2017 December Issue
of The Sermon Mall

index

Commentary: Isaiah 61:1-4, 8-11

My guess is that most Christians have their own cherished scripture passages. There is, however, something of a New Testament endorsement given by Luke for this text from Isaiah 61. Luke's Jesus uses this Isaiah text as Jesus preaches his first sermon in the hometown Nazareth synagogue. The placement of this passage from Isaiah in Luke, although a paraphrase of Isaiah 61:1-2, makes any expositor keenly aware of the prophet's promises and the power they wielded upon the Third Evangelist. For oppressed people Isaiah's prophecy represents the highest hopes and dreams that the faith community could envision. God lifts up and encourages the spirits of the downcast and disheartened according to Isaiah. The reversal of fortune is a magnificent divine promise that imbues hope in an otherwise desperate situation. What could have been a more powerful word to the world into which Jesus was born? Faced with economic, political, and military turmoil—all courtesy of a Roman occupying force—the faithful Jews were desperate for a word of hope-filled promise. Most people can endure any sort of circumstance as long as the future looks different from the present. This is the picture Isaiah paints for the prophet's faith community. Later, Luke receives this magnificent promise and represents the hope it furnishes in the life of Jesus.

The context of this passage from Isaiah is apparently the plight of rebuilding that the people of Israel encountered when returning from Babylonian exile. Various conquering armies had over time devastated Jerusalem. The phrase "those who mourn in Zion" indicates a link between Jerusalem and Zion. The text announces that God is eager to reverse Israel's previous misfortune. There is to be a new day for those steadfast and faithful to Yahweh's promise. For people who have lost hope or expectancy in our day, what with Bosnia, Kosovo, and shootings in our own schools in the United States, a return to the word of hope-filled promise requires another hearing. When contemporary Christians revisit Isaiah's vision, we also return to God's promise that has sustained the faithful.

The text begins with an unidentified prophet announcing that God has anointed this prophet to speak a word of "good news." The substance of the prophet's message is first that Yahweh will build up the people returning from exile. In addition the prophet proclaims "the year of the Lord's favor," no doubt a reference to a jubilee year. Jubilee is that measurement of time, "seven years of seven years," when Israel freed its slaves and returned land to its original owners. In a jubilee year everything begins afresh with the cancellation of all debts. Jubilee means a new beginning for the people of God. Yahweh revives the people of Israel. The second component of the prophet's message is that Yahweh will also build up Zion. Thus, the promise is that God's vision will reconstitute both the people's fortunes and the holy city's fortunes. Yahweh reverses the people's fate and Jerusalem's fate. Incidentally, the reconstituted people will rebuild the holy city Jerusalem.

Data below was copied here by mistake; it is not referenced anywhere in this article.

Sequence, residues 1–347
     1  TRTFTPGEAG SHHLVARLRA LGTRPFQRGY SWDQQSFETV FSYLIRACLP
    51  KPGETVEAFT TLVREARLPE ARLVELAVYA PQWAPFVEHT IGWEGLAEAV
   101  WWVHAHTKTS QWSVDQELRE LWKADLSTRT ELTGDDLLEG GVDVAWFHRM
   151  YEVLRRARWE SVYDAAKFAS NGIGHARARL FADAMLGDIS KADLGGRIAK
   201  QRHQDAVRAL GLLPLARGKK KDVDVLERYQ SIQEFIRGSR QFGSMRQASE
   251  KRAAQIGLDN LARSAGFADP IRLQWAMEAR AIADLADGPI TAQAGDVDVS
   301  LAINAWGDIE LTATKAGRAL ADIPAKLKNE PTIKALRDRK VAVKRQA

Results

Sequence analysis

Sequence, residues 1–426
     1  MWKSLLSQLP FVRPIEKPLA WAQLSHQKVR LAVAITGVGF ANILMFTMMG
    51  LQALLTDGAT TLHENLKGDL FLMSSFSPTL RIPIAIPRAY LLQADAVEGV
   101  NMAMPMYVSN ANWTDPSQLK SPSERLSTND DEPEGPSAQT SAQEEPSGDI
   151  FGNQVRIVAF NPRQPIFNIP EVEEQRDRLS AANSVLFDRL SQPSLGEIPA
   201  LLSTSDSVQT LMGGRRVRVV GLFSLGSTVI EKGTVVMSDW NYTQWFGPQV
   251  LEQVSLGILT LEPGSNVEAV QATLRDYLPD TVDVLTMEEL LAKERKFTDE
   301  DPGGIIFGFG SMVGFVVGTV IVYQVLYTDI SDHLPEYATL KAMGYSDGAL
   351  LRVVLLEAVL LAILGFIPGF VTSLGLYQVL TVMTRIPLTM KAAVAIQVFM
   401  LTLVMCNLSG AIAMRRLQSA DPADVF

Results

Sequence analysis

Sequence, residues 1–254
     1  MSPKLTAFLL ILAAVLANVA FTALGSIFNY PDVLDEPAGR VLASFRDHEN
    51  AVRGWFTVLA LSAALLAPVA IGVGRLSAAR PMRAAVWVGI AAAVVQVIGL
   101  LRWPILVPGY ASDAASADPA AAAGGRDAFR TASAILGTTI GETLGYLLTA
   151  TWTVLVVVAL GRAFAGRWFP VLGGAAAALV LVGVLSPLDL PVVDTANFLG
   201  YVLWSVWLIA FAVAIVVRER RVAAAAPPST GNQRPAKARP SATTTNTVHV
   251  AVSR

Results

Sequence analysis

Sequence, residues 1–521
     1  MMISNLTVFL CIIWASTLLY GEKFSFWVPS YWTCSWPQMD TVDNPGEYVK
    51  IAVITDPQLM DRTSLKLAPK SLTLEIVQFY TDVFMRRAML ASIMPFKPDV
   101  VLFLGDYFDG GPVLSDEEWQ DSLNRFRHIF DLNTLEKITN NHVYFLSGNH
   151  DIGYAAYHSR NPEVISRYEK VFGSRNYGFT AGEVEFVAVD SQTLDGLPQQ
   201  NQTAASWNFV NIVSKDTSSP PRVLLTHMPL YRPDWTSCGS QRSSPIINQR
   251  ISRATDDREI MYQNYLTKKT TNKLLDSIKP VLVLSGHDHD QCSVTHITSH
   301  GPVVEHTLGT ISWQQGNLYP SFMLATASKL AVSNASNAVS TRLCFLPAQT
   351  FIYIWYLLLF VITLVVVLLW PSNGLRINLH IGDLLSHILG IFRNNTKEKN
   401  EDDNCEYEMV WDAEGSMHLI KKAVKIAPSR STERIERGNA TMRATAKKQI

This text provides preachers with a cornucopia of images of reversal. A few of many images: "liberty to the captives," "a garland instead of ashes," and "the mantle of praise instead of a faint spirit." Each of these images is a reversal. The despairing and dismal are replaced by God's promise of goodness and loving-kindness through the prophet's message.

Vv. 8-11 provides several windows through which to see the mercy and the grace of Yahweh poured upon God's returning exilic people. The first speaker is the Lord. The Lord declares what Yahweh loves: justice. Yahweh also declares what Yahweh hates: robbery and wrongdoing. Subsequent to these declarations is given the promise of an everlasting covenant with those who are faithful. The text also provides a description of these new covenant people. When the other nations see these new covenant people, they will see "a people whom the Lord has blessed."

Finally, the prophet rejoices and exults, apparently singing the songs of the praise of Yahweh. This joyful song recounts how Yahweh blessed the life of the prophet, and no doubt, the fortunes of the covenant people of Israel. Righteousness and praise mark the outward and inward life of this new people, reconstituted in Yahweh's righteousness and justice. When this occurs, the people will truly be home again.

For preachers the theme of a return to the promised land and the idea of homecoming for Christmas will tie together in the minds of worshippers on the third Sunday of Advent. In many small rural communities this Christmas people will "come home for the holidays." Modern sophisticated people like us twentieth century citizens scorn "the Currier and Ives" or "Norman Rockwell" images of home and hearth for the holidays. We also know all too well that there has to be more to life than mere buying and selling. We all hope that life can again have meaning and purpose. The month of December gives all but the most cold-hearted people a radiance of hope. Perhaps for some this feeling remains largely unidentified, but for many it is the hope to return to simpler times and sensitivities. To allow this text to do its work I suggest that preachers not avoid the authentic failings of this age. Rather, faithful preaching reminds us all that for us to return home we can remember that homecoming is a gift from God and not something that we ourselves can create out of whole cloth. Christmas, and its anticipation in Advent, recognize ultimately that to be fully and truly human is to rely on God for a gift we cannot give ourselves. As Isaiah reminds Jesus' generation and ours: "The Lord God will cause righteousness and praise to spring up before all the nations." This is God's gift to us in Christ Jesus.

David Mosser